Posts Tagged ‘NME Book Of Modern Music’

Process: Pictures from our exhibition

Saturday, September 18th, 2010

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Process: The working practices of Barney Bubbles uses the three areas of Chelsea Space to guide visitors through the methods by which this master designer realised his audacious creations.

And there’s a continuous soundtrack of the music for which he designed, from Cressida to Costello, from Hawkwind to The Damned, from Iggy Pop & James Williamson to Red Dirt.

In the entrance to Chelsea Space is selected ephemera – adverts, badges, music press ads, stickers – as well as books, magazines and other finished artwork and designs, including the rug made in the image of a panel on the cover of Brewing Up With Billy Bragg.

There is also a showreel of 10 of the videos directed by Bubbles (including two never publicly displayed before: Incendiary Device and Darling, Let’s Have Another Baby for Johnny Moped).

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process-rampelvis

A face-off is conducted between Elvis Costello (in 1977’s Warholian 60″ x 40″ Live Stiffs poster) and Chuck Berry (in the form of the wall-mounted sculpture created by Bubbles for music publisher Peter Barnes) at each end of the ramp.

On the ramp wall are posters, sleeves and other exhibits denoting approaches, recurrent themes and areas such as art direction, colour usage, application of symbols, photographic treatment, geometric arrangement, etc.

In the main room there is no finished artwork, excepting a copy of Damned Damned Damned with it’s deliberate printing error, and an NME Book Of Modern Music to demonstrate from whence Bubbles was taking his design leads at the time of production.

Sketches and proposals, along with personal effects, influences, paintings and sketchbooks rest on plinths and trestles colour-schemed to a typically exuberant Bubbles palette.

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process-paste-upsphotograph

The walls are lined with pen and ink artwork, PMTs (Photo Mechanical Transfers), proofs, proposals, paste-ups, photography, etc. There’s a guide to the technical aspects of producing artwork in the pre-digital age, as well as a professional CV.

If you get the chance, do drop by; we’re around a lot of the time so can be on hand to talk you through the show and answer any questions.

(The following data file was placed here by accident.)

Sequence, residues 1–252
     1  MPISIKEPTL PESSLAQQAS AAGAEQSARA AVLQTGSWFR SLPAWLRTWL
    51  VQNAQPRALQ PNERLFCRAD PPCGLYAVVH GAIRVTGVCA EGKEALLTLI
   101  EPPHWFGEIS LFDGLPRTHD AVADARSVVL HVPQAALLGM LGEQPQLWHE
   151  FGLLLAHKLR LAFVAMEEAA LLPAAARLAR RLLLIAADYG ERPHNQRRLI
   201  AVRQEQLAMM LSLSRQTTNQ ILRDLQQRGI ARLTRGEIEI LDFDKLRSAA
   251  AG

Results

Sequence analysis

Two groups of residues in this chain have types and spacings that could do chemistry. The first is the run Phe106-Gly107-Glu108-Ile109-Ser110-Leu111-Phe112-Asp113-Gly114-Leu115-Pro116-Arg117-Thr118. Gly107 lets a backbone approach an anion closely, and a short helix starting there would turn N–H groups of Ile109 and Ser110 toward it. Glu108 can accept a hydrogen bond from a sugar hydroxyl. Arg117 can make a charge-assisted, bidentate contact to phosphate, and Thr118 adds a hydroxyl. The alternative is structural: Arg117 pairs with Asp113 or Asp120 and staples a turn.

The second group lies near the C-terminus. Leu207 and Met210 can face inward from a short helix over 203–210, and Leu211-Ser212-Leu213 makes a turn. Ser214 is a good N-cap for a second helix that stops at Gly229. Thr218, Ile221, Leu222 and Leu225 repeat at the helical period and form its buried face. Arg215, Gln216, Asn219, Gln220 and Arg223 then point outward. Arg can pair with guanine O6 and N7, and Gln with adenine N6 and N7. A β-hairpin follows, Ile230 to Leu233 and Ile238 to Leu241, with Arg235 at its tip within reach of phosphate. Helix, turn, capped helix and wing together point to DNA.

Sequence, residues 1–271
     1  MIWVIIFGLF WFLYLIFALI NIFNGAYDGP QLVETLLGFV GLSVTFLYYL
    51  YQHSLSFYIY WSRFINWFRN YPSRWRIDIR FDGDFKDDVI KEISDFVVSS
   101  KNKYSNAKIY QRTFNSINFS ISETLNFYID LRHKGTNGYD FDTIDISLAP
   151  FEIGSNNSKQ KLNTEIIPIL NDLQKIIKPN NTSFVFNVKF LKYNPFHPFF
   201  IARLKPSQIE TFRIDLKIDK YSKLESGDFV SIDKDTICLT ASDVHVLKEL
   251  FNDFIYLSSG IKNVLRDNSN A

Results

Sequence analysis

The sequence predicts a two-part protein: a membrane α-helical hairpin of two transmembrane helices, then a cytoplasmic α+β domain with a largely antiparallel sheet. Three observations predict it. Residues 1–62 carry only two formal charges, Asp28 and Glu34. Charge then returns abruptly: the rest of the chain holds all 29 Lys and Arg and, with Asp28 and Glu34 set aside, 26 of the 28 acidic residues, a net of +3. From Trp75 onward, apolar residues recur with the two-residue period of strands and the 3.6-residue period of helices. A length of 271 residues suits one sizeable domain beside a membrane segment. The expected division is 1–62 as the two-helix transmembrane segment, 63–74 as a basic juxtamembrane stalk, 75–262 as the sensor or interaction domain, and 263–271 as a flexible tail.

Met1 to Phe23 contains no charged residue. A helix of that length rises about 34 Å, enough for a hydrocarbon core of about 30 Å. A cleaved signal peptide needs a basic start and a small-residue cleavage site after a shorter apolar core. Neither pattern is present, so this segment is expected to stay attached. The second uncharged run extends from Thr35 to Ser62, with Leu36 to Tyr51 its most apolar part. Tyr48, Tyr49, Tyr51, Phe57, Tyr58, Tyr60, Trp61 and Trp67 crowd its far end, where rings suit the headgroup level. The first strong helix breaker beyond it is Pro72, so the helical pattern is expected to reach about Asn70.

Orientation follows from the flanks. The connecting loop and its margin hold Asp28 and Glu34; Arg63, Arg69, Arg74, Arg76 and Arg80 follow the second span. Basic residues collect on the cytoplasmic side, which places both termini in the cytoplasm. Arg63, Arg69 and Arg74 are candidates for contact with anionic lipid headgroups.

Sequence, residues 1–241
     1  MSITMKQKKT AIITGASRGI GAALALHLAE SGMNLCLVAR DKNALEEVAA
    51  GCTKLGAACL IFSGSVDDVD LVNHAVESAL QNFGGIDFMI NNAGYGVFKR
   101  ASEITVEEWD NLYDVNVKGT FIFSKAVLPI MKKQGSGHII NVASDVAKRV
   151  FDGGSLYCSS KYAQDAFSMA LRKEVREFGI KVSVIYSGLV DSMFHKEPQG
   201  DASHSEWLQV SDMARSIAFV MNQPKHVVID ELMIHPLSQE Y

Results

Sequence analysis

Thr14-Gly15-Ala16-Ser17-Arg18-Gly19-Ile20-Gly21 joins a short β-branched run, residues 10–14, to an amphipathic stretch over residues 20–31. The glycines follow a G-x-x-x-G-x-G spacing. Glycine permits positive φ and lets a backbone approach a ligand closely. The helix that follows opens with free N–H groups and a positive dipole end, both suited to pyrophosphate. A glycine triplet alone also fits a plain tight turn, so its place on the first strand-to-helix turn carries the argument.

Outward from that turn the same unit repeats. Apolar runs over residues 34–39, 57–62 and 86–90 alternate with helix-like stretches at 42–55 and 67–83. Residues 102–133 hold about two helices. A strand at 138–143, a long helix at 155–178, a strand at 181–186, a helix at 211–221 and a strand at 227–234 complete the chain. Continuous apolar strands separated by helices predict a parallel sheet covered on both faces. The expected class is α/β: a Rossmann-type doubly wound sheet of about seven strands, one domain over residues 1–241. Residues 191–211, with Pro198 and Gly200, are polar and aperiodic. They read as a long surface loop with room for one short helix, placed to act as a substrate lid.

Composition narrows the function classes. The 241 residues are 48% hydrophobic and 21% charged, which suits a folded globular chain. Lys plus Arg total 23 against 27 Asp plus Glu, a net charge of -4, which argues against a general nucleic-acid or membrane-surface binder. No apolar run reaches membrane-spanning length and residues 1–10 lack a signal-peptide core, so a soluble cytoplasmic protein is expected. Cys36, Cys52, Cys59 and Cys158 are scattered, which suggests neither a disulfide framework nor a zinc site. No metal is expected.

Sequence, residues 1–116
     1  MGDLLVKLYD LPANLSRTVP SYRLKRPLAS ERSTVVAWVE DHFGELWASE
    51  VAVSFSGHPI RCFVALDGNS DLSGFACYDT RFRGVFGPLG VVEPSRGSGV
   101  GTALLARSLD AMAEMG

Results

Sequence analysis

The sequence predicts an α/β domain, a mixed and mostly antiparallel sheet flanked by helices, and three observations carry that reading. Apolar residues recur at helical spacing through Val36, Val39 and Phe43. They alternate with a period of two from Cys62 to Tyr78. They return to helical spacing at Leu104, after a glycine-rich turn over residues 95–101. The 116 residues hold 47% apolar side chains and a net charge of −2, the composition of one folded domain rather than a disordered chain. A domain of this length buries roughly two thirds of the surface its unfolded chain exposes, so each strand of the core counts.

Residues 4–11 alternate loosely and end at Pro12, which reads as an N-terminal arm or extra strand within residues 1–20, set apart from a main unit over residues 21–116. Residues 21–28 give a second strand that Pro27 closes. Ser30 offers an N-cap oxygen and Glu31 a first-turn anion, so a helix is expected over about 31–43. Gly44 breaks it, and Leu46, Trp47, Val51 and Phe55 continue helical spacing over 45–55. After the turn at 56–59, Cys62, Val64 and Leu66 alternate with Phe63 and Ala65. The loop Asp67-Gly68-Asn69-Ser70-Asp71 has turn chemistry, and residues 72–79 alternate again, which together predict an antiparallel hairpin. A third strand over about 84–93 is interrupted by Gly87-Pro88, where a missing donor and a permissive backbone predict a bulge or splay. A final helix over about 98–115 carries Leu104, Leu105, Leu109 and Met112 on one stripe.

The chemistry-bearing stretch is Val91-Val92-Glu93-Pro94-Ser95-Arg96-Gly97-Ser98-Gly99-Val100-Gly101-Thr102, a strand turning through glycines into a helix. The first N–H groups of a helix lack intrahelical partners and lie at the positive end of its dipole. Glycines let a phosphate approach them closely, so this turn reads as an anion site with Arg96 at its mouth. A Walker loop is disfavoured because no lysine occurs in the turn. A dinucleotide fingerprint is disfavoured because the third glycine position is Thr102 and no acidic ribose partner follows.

Video and music track listings for the show are available here.

All photos Donald Smith.

Reasons: “A treasure trove for image-makers”

Friday, April 3rd, 2009

It is extremely flattering that Reasons To Be Cheerful is described not only as “excellent” but also as “a treasure trove for image-makers across all media” in the current issue of Varoom

And it’s praise indeed when the reviewer is of the calibre of Andy Martin, illustrator, designer, film-maker and self-confessed “Bubbloholic”.

Andy also defines what he sees as the secret to Barney’s work: his “ability to look backwards and forwards at the same time, whilst always managing to arrive at The Very Point Of Now-ness”.

And Andy knows; a former NME art editor, when he started at the music weekly in 1978 he helped out with layouts as Barney and Diana Fawcett created The NME Book Of Modern Music which accompanied Barney’s redesign.

“I was overawed to be working with him in the smallest way,” Andy told me recently. In his review Andy says: “The graphic bombs Barney Bubbles dropped are still reverberating. In the words of the late, great Ian Dury: there ain’t half been some clever bastards.”

Download Andy’s review here.

The radical redesign of the NME

Sunday, January 25th, 2009

One of the greatest examples of Barney Bubbles’ ability to fast-track cutting-edge ideas into the mainstream occurred in 1978 with his redesign of best-selling weekly paper the New Musical Express.

As detailed in Chapter 4 of REASONS TO BE CHEERFUL, at this time the NME’s sales regularly surpassed 200,000 copies.

NME Alphabet

Artwork for The NME Book Of Modern Music alphabet. (c) Neil Spencer/Reasons 2009